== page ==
Bahrain government on Sunday announced that it has discovered the country's biggest oilfield in decades. According to the country's official news agency, the announcement was made by Bahrain's Higher Committee for Natural Resources and Economic Security, chaired by HRH the Crown Prince, Prince Salman bin Hamad Al Khalifa.
Not much details are available on the size of the newly found reserves in the Khaleej Al Bahrain Basin, located off the west coast of the Kingdom, or on the expected date of start of production. However, it is expected that the new tight oil (which is found in impermeable shale and limestone rock deposits) and deep gas resource discovery could have a major impact on the country's financial position and supply of oil.
"Following the initial discovery of the resource, detailed analysis of the find's content, size and extraction viability has been undertaken alongside internationally-renowned petroleum industry consultants, DeGolyer and MacNaughton (Demac)", the Bahrain News Agency quoted Bahrain's Minister of Oil, Shaikh Mohamed bin Khalifa Al Khalifa, as saying.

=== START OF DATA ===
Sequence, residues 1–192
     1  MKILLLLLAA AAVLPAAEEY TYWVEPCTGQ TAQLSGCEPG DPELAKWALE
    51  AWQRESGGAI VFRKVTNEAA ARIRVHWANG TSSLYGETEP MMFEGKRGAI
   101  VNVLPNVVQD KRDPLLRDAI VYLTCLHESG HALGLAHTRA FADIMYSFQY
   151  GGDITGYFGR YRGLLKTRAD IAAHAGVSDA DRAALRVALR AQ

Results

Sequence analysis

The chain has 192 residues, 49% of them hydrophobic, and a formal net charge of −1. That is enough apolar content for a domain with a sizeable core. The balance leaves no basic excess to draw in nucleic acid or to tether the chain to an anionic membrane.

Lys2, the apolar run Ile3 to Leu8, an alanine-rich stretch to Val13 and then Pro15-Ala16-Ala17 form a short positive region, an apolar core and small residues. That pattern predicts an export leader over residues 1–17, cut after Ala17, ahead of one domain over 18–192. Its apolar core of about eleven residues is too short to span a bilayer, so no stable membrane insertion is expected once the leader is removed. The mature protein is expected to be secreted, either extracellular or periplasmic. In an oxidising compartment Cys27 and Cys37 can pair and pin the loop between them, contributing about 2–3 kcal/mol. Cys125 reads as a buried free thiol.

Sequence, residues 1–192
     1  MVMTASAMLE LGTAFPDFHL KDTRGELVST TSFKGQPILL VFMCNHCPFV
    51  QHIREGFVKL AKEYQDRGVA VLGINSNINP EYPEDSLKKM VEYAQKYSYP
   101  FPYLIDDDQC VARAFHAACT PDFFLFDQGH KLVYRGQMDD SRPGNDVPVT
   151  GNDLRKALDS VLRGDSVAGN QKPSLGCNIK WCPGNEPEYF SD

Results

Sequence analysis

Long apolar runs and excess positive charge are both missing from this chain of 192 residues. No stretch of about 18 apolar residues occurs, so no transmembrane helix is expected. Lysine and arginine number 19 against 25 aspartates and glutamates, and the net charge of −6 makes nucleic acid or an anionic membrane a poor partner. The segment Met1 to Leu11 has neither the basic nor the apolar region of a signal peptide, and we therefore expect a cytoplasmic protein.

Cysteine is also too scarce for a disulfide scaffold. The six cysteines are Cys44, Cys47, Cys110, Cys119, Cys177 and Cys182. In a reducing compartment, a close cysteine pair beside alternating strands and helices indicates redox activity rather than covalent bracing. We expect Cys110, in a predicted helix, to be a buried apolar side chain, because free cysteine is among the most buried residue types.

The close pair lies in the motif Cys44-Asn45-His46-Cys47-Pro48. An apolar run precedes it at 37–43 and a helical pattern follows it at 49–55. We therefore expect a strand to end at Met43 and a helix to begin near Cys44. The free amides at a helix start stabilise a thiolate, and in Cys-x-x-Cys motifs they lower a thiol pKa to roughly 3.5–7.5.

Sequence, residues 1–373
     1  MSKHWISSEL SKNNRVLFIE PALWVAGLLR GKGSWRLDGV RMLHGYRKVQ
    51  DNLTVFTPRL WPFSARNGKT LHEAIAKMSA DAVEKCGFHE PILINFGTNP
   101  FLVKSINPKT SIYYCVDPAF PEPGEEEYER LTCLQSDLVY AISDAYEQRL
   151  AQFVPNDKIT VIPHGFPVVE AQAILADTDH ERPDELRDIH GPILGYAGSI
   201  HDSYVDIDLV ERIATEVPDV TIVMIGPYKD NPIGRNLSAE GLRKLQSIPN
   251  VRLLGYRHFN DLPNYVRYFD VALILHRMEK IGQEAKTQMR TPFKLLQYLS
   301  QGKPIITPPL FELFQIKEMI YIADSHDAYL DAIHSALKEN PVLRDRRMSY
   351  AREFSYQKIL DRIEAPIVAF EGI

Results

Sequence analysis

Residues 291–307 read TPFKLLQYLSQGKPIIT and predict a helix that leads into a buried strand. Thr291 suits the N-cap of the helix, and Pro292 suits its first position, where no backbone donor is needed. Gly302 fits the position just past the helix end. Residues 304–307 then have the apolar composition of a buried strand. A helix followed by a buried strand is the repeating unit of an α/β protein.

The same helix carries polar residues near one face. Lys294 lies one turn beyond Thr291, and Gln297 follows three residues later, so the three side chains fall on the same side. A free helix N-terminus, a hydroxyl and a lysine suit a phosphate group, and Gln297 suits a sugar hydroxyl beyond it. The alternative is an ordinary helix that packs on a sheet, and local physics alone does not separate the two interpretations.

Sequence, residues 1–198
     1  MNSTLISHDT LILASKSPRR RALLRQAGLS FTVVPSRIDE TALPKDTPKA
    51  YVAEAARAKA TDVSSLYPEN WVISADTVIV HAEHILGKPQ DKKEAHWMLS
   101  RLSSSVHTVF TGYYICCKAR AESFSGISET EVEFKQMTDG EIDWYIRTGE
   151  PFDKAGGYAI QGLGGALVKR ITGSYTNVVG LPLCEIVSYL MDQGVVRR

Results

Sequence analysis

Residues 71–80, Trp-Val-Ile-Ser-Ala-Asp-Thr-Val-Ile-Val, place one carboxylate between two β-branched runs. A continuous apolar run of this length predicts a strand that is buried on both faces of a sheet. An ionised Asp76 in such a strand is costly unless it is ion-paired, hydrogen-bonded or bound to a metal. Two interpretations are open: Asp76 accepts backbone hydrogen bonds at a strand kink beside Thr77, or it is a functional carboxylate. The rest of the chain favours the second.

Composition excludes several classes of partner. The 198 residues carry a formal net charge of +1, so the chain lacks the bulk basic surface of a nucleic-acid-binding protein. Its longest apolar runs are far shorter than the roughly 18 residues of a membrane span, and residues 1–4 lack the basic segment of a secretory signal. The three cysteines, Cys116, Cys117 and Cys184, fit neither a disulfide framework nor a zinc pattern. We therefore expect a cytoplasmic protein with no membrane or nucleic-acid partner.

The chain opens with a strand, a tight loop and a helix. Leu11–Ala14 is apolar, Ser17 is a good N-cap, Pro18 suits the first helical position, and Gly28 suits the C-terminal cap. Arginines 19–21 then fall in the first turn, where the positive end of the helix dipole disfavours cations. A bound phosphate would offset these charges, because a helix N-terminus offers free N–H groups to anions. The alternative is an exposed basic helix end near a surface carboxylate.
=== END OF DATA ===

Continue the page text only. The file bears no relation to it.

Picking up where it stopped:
The kingdom is not energy rich like its Gulf neighbors and presently pumps about 45,000 barrels of oil a day from its Bahrain Field and shares income from a deposit with Saudi Arabia that produces about 300,000 barrels a day, according to Bloomberg data.
Arab countries hold most of the oil reserves in the world's total proven reserves. According to US Information Energy Association's data (as of 2016), United States, Saudi Arabia, Russia, China, Canada, Iraq, Kuwait, Iran, United Arab Emirates, Brazil are the top producers and consumers of oil-crude oil, all other petroleum liquids, and biofuels.
The financial position of the country has come under scrutiny by rating agencies in recent months. In last year global rating agency, Moody's lowered the country's long-term issuer rating by two notches to B1, from Ba2, and maintained the 'negative' outlook. Also at the beginning of March this year Fitch Ratings downgraded Bahrain by two notches.